The key elements to consider when defining corruption include: a conception of political office with rules and norms for the conduct of that office-the office being defined partly in terms of the broader public interest that it serves, which may run against the personal interest of the political office holder or against interest that are deemed illegitimate but are not strictly personal; a view that corruption involves the distortion or subversion of the exercise of political office so that private, partisan, or sectional rather than public interest are the focus; and the idea that three actors are normally involved in or affected by corrupt activity. Those three actors are the occupant of the political office (A); the intended beneficiary of that political public office (B); and the actual beneficiary of the particular exercise of that political public office (C). This triadic relation does not always hold. In kleptocracy, for example, A and C are the same. However, with administrative payments B and C may be identical, but the identification of three distinct roles--the occupants of political public office, the intended beneficiary and the actual beneficiary, encourage us to distinguish theft or fraud from corruption, and helps capture how corruption distorts the exercise of political public office and power. Combining these elements in a suitably tentative definition will produce the following scenario: (5) Corruption in politics occurs where a political public official (A), acting in ways that violate the rules and norms of office and that involve personal, partisan or sectional gain, harms the interest of the public (B) (or some sub-part there-of) who is the designated beneficiary of that office, to benefit themselves and/ or a third party (C) who rewards or otherwise incentivizes A to gain access to goods or services they would otherwise obtain. The definition does not assume that A's behavior must necessarily break the law. Legal definitions of corruption can fail to capture some of the worst cases of corrupt activities because corrupt transactions can be institutionalized in the laws of the state or economy. This was recognized in a 2006 work by the World Bank on 'state capture,' which notes that corrupt relations can be used to pass laws that entrench, extend and legitimize corrupt gains. Not all corruption is about the corruption of politics. There is also economic corruption, as well as corruption in a range of public services, such as health, petroleum, and education. But all corruption has the same conceptual structure: a recognition of certain formal responsibilities attached to an idea of political office or a position of trust, which imply certain responsibilities and constraints on self-interested behavior; the violation of rules and norms concerning the exercise of that political office or trust; the harming of one set of interest identified by the rules and norms as legitimate, to serve others deemed illegitimate; and the benefitting of those not formally entitled to benefits. (6)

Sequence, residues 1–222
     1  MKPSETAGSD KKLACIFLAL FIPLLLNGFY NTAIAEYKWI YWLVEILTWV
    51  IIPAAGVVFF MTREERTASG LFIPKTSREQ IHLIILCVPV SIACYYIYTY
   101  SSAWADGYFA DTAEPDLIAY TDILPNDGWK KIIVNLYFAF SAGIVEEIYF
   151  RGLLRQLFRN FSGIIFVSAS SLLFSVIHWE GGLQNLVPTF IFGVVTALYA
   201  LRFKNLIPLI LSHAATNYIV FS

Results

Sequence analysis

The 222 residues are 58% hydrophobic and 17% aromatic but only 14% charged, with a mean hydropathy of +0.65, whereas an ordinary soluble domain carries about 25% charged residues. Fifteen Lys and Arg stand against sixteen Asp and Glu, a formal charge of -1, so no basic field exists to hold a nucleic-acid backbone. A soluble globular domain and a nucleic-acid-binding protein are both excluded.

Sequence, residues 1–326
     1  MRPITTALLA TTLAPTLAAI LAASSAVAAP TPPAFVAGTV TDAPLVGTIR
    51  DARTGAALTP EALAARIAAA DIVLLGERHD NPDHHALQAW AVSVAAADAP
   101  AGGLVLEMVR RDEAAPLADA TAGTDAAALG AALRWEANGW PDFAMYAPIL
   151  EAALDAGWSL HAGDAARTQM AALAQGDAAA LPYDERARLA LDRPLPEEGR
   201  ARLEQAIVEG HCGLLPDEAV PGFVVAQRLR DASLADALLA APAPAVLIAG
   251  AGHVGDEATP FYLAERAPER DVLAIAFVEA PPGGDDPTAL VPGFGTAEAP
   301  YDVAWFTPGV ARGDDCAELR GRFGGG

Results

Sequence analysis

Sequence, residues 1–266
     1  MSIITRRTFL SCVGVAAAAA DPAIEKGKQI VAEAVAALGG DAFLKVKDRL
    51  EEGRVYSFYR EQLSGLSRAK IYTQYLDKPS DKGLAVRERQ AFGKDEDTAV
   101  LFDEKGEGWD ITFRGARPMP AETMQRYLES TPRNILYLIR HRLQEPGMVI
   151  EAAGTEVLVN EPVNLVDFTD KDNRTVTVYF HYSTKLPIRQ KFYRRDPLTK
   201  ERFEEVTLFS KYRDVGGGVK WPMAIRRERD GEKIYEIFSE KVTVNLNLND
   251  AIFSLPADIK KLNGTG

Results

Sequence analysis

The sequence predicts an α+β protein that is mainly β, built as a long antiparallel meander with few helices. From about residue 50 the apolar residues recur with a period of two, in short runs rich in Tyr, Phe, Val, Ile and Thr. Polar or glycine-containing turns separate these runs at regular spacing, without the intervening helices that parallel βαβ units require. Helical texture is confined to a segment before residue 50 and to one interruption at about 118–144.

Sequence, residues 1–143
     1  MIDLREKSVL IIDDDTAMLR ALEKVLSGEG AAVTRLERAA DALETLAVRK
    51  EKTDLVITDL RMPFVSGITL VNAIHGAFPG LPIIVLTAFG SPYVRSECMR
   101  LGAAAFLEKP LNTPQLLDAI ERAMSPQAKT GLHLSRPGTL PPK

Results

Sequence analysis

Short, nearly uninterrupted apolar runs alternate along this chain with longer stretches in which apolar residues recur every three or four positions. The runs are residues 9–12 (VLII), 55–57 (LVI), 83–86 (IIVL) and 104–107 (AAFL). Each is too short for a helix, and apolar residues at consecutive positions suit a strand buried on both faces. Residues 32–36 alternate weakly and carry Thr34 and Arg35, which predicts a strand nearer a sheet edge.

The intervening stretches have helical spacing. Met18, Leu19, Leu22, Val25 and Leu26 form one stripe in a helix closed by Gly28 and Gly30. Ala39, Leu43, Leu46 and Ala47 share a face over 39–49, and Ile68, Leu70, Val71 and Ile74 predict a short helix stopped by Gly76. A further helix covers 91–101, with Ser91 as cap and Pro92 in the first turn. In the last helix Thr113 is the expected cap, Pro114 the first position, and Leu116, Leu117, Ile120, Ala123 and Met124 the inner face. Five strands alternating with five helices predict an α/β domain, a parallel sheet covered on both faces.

Corruption occurs where private wealth and public power overlap. It represents the illicit use of willingness-to-pay either in cash or kind a form of gratification as decision-making criteria. Frequently, bribes induce political officials to take actions that are against the interests of their principals, who may be bureaucratic superiors, politically appointed ministers, or multiple principals such as the general public. In light of the complexity of the concept of corruption, one way to improve the understanding of its consequence for efforts at development transformation is to distinguish between the different forms of corruption; first, by contrasting grand and petty corruption; second, by differentiating corruption across sectors; and third, by examining different practices considered to be corrupt.
One of the most common distinctions made by scholars is between grand and petty corruption, at times also referred to as political and administrative corruption, (7) or as state capture and administrative corruption. (8) Despite the misleading terminology, the grand-petty dichotomy is not concerned with the scale of corrupt activity, but rather with the level and manner at which it takes place; either at the level of the political leadership, or with the bureaucracy that implements and administers policy. While the former has undoubtedly had a greater impact on the practices and functioning of the political system because it sustains networks of patronage and distorts the laws and procedures of government (rather than just their implementation), it is petty corruption that is experienced more directly by the population in its daily interactions with the state. For example, petty corruption occurs through favors granted and bribes paid regularly by the citizens to political public officials. (9) While the impact of these individual acts of corruption on the overall development process may be minimal, it undermines citizens' trust in the state. In this sense, the routine nature of petty corruption can destroy the perception of state neutrality.
The second pathway to refine the analysis of corruption is to distinguish between corruption in different sectors (justice, security, procurement) as they...